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ethics in science and technology


Should humans be made stronger, smarter, longer-lived, or whatever? Suppose we could find ways to change our body technologically?

  • Should we seek to have infrared vision, better concentration, enhanced athletic abilities, live beyond 120 years? Or should we respect our biological limits and strive to excel within them?
  • Is this a worthy goal for science or a fanciful distraction to more pressing issues facing humanity?

Edinethics has been working for several years on one of the most challenging future issues in technology.

Want to think about these issues for yourself?

A European Commission expert report stressed the importance of opening up questions of human enhancement to wider European society, rather than leave it to be driven by technocrats. Edinethics has worked with the New Economics Foundation to produce free materials and tools for people to look at these issues for themselves.

For a quick look, why not download our Open Up! argument map on human enhancement.  

A downloadable Democs card game for use by small groups, created as part of the EC ETHENTECH Project.

If you would be interested in playing this with your friends, or colleages, we'd like to hear from you. There's also a version of it in Dutch.

What's Human Enhancement?

Scientists are starting to say itís no longer just science fiction that they could one day alter the human body and mind, in ways that might make humans stronger, faster, cleverer, perhaps more artistic, even longer lived. Itís called human enhancement. Itís mostly still in the future, but research is beginning, and is raising some far reaching issues. Edinethics was a partner in a European Commission FP7 ETHENTECH Project examining the ethics of implants for medicine and human enhancement (2009-12) and also creating a Democs game.

To find out more about what this is all about and some of the ethical and social implications, download a report Human Enhancement?, produced by a working group of leading European experts in December 2007, as part of the EC FP6 NanoBioRaise (2005-08) research programme. Rather than speculating on futuristic dreams, the report examines three state-of-the-art case studies - on linking the brain and computer chips, drugs which can enhance cognitive performance, and electrical stimulation of the brain. It also asks if enhancements in sport offer warnings or pointers for wider society. Its conclusions also offer food for thought for the governance of technology.

Religious views are seen as important in these issues. As part of the ETHENTECH report we are looking find out views from different religions across Europe. To begin debate in the churches, Edinethics also helped draft a discussion paper as part of a working group on biotechics of the Conference of European Churches (CEC: representing most of Europe's Protestant, Anglican and Orthodox churches). Download the CEC report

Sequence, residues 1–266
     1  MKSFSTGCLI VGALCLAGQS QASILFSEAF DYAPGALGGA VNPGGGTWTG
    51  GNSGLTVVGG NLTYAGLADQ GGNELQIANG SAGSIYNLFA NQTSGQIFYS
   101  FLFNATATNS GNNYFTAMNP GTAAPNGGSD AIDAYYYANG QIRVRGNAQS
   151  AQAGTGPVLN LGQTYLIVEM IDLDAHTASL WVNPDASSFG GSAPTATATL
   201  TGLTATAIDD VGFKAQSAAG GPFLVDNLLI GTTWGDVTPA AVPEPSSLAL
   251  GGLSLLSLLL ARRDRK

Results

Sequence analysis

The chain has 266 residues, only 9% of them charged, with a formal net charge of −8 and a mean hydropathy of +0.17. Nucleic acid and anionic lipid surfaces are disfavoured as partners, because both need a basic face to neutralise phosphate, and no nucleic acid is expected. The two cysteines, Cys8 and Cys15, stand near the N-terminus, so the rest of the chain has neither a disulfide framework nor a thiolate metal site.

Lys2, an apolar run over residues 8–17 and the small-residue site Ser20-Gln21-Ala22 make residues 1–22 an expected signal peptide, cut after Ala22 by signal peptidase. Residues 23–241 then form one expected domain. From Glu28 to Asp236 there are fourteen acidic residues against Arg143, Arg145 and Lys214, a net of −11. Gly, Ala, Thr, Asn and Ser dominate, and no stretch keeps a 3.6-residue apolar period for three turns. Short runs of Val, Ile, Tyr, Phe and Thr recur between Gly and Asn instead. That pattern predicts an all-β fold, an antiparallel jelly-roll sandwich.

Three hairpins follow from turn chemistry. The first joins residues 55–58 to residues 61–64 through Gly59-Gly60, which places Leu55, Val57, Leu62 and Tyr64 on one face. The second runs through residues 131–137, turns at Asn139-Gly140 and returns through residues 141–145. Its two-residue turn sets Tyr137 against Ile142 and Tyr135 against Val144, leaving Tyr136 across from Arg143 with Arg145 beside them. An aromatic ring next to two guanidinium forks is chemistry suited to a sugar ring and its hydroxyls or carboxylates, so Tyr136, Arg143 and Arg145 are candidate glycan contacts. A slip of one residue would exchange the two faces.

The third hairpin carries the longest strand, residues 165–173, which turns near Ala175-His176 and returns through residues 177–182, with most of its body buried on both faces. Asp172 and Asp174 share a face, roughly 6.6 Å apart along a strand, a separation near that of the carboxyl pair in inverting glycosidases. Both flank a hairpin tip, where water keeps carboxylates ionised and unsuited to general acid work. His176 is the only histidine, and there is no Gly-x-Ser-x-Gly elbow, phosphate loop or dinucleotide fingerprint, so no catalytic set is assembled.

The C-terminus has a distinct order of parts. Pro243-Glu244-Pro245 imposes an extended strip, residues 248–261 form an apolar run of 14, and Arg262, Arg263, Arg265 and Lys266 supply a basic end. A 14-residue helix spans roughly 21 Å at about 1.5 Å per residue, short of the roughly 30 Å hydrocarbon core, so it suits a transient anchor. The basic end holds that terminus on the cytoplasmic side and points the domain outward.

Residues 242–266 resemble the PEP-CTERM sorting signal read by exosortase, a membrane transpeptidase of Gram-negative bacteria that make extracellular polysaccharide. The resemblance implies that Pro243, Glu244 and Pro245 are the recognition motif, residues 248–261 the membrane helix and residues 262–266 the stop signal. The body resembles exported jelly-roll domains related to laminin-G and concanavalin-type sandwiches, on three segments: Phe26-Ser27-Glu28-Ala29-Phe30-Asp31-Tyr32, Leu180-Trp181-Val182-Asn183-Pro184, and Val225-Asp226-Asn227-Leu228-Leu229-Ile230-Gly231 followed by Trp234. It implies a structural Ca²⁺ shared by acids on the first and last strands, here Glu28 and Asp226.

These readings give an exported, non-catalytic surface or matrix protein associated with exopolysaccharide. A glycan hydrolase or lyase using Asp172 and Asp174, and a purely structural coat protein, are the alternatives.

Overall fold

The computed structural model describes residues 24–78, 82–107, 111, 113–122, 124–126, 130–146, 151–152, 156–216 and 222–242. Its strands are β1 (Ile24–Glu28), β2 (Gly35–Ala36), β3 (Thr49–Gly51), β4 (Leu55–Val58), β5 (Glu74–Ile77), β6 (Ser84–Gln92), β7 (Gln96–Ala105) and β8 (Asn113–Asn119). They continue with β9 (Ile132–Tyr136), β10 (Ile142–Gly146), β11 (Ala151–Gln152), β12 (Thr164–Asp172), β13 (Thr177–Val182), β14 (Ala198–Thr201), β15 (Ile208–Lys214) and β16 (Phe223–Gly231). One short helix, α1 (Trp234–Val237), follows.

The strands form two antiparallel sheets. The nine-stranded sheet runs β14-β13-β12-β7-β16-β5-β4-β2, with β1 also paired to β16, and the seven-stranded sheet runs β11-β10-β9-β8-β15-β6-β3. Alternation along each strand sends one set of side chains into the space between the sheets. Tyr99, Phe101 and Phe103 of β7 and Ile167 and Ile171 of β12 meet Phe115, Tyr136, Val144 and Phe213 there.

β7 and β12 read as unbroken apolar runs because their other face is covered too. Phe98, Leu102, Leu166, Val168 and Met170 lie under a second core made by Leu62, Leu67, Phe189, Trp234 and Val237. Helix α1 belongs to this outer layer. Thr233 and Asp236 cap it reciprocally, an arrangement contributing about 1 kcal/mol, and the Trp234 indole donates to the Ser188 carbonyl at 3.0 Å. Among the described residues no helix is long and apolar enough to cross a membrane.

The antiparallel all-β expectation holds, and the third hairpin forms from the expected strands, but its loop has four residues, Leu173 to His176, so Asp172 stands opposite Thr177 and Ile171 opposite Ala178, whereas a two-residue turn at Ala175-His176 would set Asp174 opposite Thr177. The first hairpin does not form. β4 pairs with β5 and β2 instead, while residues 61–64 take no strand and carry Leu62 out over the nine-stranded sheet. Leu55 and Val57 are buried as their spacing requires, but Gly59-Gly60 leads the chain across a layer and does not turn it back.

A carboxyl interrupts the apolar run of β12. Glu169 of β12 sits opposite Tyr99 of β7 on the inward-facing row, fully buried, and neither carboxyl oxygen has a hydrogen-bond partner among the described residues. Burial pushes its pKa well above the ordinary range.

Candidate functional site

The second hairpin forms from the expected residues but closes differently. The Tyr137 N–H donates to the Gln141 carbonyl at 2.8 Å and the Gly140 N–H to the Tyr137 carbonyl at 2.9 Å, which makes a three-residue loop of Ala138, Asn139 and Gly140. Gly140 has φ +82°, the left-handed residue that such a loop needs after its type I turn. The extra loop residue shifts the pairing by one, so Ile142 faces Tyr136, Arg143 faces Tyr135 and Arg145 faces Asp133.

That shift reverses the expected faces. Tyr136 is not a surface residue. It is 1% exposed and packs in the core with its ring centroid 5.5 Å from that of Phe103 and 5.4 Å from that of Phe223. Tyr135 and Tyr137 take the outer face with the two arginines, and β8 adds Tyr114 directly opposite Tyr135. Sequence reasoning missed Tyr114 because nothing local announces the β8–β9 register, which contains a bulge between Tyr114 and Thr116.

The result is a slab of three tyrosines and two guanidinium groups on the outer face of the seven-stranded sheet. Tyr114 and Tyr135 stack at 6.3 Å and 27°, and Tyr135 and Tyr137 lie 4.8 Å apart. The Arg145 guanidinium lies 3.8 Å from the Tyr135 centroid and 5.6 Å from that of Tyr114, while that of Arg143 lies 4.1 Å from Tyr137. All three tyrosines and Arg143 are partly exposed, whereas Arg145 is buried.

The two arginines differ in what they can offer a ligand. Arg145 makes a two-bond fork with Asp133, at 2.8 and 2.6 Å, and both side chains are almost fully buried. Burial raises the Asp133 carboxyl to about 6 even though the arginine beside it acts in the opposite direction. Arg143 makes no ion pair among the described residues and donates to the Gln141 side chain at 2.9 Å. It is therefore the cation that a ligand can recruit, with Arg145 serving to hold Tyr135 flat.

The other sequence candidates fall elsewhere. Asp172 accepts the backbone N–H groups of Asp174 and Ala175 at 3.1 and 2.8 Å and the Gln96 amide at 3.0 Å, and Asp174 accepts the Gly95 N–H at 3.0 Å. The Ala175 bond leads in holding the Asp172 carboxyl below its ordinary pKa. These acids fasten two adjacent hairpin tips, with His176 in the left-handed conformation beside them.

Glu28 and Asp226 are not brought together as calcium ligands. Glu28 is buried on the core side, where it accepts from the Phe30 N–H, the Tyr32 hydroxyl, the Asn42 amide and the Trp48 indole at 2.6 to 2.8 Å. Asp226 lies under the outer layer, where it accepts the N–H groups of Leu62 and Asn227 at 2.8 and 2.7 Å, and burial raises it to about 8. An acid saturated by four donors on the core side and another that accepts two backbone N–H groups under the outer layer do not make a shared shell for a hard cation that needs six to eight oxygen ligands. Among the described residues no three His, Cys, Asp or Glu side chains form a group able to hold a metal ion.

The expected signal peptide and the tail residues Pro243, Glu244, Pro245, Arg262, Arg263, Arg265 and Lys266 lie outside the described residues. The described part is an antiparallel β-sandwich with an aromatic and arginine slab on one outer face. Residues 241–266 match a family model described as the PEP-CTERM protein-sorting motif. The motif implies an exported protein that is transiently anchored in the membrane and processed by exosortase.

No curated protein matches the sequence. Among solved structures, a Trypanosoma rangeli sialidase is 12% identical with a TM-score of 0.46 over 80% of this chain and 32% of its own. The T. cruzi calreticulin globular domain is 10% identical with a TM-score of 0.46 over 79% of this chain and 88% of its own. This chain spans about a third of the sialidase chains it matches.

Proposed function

Ethical Issues

Human Enhancement poses some far-reaching ethical issues. Here are some to think about. 

  • Changing Me? Human aspiration to invent is endless. We have manipulated the world around us -  sometimes wonderfully, sometimes dreadfully. But should humans now start to intervene to manipulate our own bodies outside their 'normal' biological specification, or do we leave well alone?
  • How far would you want to go, if we really could? A bit better here and there could sound attractive. Would there be some point we'd say, 'whoa! that's too much'?
  • Get real! There's already a lot of hype, based on a few clever laboratory experiments. What might be realistic technologies, and what would remain just scifi fantasy?
  • Risky business? Could we ever do enhancements safely enough not to mess up people's bodies by accident? Do we really know what we're doing?
  • Unfair? Would this mostly be just for the rich and fortunate? In a world of global inequity, would it be too socially divisive and unjust? Or could we find ways to benefit the most needy?
  • Who decides? Are these just personal decisions for each individual? Or are the social implications so far reaching that we'd want to decide as a society, and do we have the means to do that?
  • Better humans ... or not? Would any of these enhancements, if they were really possible and widely available, make you a better human being, all things considered?
  • Are we missing the point? Some say this is the future for humanity - to use our technical skills to drive our own evoltion. Others ask if improved functional performance misses the point about what needs changing in humans. Are our biggest problems beyond technology to address?

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